Sheryl Sandberg: No one can have it all. That language is the worst thing that’s happened to the women’s movement. You know, no one even bothers to apply it to men. It’s really pressure on women. I think what happens to women is we compare ourselves at home to the women who are work-at-home mothers and we fall short. Compared to them, I fall short every day. And then you can compare yourself at work to some women but mostly men who have no other responsibilities, really. They go home whenever they want. And you can feel bad there, too.
So we can spend all our time feeling terrible about how we’re lousy workers and lousy mothers. And, by the way, I do this a lot. All of us do. Or we can start realizing that we can be great mothers. The data on this is super clear: you can be a very successful parent with a great relationship with thriving children and have a full-time job. And you can be a great worker and a great colleague at work but not be there for 12 hours a day in person. And I think we have to let ourselves do that.
Ah - you know! That is totally me. If I feel like I'm giving enough time to one thing in my life, I feel like I'm not giving enough time to another. A few weeks ago, Kate was begging me to take her to school in the morning, which is typically something that Kevin does. At the time, I just couldn't swing it because work was so busy and that would make me an hour and a half late. I felt awful because I was letting my kid down, and I really wanted to be the one to drop her off sometimes and see her skip (or run!) into school. But I couldn't. And sometimes that part just really stinks. Working-mommy guilt is real!
But the guilt is not just for our families. It's for our careers, for our friendships, and for our other activities.
I think we tell ourselves that we can have it all to make us feel better about the guilt. Here are just a few of the complaints I was giving to myself:
I don't have enough time for ...
I wish I could commit more time to ...
I wish I was able to ...
I hope I can...
And as I started thinking about those complaints, I recognized that they had one big thing in common: "I". They were all about my time, my wants, my dreams, and my desires, all in the pursuit of "having it all". And as I was praying and asking for help fitting everything in, this is what hit me:
God didn't create you so you could have it all, He created you so He could be your all.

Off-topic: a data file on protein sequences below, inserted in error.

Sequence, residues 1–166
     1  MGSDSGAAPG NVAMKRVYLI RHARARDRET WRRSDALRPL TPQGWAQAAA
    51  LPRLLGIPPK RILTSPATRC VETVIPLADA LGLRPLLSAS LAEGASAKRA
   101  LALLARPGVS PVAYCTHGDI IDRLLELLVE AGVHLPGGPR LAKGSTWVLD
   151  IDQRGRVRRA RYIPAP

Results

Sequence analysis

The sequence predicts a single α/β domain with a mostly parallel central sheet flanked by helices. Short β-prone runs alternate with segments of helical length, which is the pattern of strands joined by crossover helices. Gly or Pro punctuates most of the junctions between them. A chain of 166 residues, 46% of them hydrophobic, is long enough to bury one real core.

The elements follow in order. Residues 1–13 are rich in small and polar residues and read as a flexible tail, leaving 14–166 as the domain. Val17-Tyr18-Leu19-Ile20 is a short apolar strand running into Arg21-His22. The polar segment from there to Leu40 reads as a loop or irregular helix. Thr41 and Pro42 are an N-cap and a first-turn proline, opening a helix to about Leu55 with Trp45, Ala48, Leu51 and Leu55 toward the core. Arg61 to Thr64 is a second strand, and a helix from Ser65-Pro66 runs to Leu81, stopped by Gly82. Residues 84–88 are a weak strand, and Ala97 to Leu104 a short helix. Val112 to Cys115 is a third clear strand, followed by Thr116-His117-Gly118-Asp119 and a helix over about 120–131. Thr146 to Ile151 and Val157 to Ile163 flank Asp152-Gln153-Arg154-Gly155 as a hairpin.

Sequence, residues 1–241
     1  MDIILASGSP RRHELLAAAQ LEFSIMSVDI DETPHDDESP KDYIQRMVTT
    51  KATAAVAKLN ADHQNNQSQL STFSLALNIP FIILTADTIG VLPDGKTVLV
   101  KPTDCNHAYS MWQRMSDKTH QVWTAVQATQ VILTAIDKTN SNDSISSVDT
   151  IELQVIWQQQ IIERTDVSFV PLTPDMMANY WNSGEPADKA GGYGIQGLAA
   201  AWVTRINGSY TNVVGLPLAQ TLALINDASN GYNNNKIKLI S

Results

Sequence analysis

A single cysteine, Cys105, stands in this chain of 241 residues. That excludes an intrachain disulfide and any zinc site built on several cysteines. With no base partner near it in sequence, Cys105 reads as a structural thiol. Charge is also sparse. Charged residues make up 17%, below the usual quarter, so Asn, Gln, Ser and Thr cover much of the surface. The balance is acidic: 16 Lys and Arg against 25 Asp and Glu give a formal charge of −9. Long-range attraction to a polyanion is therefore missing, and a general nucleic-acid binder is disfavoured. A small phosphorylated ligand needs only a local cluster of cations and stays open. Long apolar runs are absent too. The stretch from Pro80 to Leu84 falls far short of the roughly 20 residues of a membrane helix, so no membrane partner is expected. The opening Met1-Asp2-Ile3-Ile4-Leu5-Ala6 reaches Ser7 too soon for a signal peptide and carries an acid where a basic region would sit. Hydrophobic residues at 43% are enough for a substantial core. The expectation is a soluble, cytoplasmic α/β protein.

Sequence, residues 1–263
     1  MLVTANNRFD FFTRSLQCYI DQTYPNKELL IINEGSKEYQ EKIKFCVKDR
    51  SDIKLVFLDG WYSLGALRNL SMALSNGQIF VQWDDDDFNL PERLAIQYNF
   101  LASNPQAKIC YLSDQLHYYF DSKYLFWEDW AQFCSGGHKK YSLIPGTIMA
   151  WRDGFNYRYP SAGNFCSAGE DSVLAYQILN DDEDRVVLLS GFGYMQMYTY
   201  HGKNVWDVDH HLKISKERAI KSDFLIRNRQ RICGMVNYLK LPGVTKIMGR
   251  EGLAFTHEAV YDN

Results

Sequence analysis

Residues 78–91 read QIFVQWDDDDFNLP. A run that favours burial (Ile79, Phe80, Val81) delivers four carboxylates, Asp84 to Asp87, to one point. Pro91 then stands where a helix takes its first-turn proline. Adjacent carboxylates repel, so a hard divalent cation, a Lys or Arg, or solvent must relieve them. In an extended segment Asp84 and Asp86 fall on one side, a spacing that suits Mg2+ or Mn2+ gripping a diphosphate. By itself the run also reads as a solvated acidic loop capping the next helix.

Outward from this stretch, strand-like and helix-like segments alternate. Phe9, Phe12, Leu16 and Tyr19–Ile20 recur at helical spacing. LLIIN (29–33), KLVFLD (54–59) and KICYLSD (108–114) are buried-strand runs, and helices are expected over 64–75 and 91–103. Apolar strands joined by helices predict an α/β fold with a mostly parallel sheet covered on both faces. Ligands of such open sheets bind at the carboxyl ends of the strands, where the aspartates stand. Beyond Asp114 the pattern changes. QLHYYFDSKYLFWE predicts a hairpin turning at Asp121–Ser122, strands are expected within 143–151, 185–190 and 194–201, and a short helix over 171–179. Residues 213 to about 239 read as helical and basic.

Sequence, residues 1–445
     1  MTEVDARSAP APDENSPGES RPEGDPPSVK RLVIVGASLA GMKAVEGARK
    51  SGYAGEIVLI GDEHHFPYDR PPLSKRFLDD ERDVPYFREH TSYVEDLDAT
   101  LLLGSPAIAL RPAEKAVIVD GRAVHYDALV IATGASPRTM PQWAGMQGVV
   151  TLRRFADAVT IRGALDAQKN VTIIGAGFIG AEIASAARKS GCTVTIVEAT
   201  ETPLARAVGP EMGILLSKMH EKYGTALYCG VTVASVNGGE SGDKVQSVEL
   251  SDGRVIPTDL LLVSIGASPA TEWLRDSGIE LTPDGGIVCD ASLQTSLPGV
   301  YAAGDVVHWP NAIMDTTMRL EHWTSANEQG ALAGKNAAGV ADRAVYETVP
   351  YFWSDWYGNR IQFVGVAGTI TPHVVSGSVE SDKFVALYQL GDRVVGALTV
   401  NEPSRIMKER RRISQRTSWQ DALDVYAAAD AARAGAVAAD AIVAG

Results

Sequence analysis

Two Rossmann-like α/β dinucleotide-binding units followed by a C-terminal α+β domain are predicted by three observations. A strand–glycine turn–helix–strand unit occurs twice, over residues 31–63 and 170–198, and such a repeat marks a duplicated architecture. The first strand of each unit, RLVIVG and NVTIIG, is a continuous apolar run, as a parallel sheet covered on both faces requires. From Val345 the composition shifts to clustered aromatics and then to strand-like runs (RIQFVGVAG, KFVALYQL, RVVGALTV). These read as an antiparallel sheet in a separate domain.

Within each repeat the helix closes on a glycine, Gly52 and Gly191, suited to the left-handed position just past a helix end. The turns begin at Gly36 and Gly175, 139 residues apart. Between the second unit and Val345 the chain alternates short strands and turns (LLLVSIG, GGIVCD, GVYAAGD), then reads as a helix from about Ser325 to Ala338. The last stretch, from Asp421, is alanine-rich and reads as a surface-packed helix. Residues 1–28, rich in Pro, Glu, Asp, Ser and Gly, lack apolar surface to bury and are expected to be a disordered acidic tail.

We weren't made for US. We were made for God, and we were made to glorify Him. In Isaiah 43:7 we are told "Bring all who claim me as their God, for I have made them for my Glory. It is I who created them."
While it is true that God loves us, He didn't create us to live in a big house, have lots of friends, enjoy trips to the beach, and to just have a good life. That's not why he made us! He told us why He made us - to bring HIM glory.
We get so caught up in LIFE, and in the me's and the my's, we forget about our purpose for being here, which is to bring Him glory. And by bringing glory to Him by loving Him, serving Him, and sharing Him, I'll experience more joy than I ever would have been able to create on my own.
Kevin used to teach our youth, and he always explained that to glorify God simply means to make God look good. That's it.
So at home, at work, at Kate's soccer practice, at church, when I'm out to eat with friends, when I'm waiting to pick up my dry cleaning, when I'm grocery shopping, or when I'm driving down the road, I'll keep in mind that my focus is to make God look good. My attitude, my conversation, and my actions are a representation of who I am and whose I am.
And I'll mess up. Constantly. But I know that Jesus has already paid the price for those mess ups, and when I ask for forgiveness and help, He will give it.
And you know, even though I wasn't created to "have it all" in the Americanized definition of the phrase, I really DO actually "have it all" in the gospelized definition of the phrase. In Him, I have everything that I have ever wanted or needed. Through Jesus, I have it all. He is my all.